Copenhagen Economics combined auction theoretical expertise with a detailed analysis of the industry at hand to identify the optimal auction format and rules for the allocation of new aquaculture licenses in Norway. With our assistance, the client implemented the auction format as recommended and achieved an average revenue of more than twice that of previous allocation rounds.
Every second year, the Norwegian Ministry of Trade, Industry & Fisheries is able to allocate a number of new licenses for the production of aquaculture in Norway.
Since aquaculture production (e.g. salmon farming) is a very profitable industry, many producers want to acquire these new licenses to expand on their current production. The Ministry needs to determine which producers should be allocated the available licenses, and at which prices. The Ministry requested our assistance to design an allocation mechanism that could solve this allocation problem; balancing their overall goal of revenue-maximisation with other considerations such as fairness, efficiency and simplicity.
Copenhagen Economics combined auction theoretical expertise with a detailed analysis of the aquaculture industry in Norway to identify the optimal allocation mechanism: a multi-round simple clock auction that enabled bidders to switch their demand between different production areas in response to fluctuating demand structures.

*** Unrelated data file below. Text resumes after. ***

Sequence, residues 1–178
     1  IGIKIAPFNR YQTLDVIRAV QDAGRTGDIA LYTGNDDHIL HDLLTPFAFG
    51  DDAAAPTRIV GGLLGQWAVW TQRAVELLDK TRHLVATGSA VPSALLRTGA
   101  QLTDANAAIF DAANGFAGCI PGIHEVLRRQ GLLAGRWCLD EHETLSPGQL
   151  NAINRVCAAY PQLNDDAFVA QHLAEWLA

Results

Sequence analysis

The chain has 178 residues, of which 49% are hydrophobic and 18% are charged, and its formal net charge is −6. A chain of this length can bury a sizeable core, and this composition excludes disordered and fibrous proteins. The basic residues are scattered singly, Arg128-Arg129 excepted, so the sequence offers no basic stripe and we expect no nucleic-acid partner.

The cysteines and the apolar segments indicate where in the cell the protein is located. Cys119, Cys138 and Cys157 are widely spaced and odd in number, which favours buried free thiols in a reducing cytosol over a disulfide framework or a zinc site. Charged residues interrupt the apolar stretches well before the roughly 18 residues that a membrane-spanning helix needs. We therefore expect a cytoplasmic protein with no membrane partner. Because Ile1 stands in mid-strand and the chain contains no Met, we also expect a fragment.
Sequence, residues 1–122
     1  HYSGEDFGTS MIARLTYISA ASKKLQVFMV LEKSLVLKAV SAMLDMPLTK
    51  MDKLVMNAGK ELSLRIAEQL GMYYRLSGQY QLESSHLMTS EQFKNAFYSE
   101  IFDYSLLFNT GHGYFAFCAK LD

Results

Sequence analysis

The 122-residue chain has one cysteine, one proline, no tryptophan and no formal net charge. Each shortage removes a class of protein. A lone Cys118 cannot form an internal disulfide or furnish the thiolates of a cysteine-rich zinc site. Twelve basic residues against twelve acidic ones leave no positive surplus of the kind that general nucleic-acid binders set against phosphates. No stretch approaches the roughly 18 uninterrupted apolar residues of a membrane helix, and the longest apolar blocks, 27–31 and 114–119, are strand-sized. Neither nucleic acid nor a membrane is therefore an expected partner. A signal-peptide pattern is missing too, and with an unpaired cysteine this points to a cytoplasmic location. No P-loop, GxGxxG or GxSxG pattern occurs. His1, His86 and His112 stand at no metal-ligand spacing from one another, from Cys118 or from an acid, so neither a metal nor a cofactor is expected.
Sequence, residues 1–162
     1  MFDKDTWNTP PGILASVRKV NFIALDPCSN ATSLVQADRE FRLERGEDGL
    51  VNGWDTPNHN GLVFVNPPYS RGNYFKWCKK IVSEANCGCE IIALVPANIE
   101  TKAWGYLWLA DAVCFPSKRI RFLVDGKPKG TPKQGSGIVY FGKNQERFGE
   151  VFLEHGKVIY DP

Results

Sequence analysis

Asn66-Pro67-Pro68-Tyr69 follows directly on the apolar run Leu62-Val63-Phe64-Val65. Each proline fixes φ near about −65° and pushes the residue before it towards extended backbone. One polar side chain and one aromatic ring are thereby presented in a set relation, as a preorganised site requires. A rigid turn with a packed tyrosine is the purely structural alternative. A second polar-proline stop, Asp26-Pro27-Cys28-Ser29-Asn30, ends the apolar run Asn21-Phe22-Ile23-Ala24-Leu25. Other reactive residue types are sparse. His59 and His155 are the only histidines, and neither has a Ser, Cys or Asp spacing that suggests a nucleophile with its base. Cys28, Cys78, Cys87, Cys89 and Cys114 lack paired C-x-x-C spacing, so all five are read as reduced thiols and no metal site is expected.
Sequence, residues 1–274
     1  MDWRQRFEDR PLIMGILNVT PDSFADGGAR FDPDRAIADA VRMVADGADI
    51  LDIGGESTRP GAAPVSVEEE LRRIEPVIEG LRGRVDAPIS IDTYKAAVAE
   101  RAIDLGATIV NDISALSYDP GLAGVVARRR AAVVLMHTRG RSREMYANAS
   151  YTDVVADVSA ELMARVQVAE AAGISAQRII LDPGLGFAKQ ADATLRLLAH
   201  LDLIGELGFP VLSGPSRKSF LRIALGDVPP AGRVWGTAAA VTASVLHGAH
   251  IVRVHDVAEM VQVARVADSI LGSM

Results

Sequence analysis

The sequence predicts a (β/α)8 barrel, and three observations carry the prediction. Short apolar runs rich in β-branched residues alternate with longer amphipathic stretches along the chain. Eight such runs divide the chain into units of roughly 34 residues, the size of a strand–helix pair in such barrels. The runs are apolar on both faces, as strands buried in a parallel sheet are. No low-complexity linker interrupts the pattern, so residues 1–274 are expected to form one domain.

This auction format enabled the allocation of licenses of varying sizes (something which had not been possible in past allocation rounds), ensuring a level playing field between large and small producers, and furthermore ensured that producers would be able to accurately reflect their true willingness to pay for licenses via their bids.
With assistance from Copenhagen Economics and our partner software company, the Ministry implemented the specific auction format and regulations that we had recommended using custom-built online auction software. The auction achieved total revenue of 3 billion NOK, at an average price per ton MAB more than twice that of previous allocation rounds.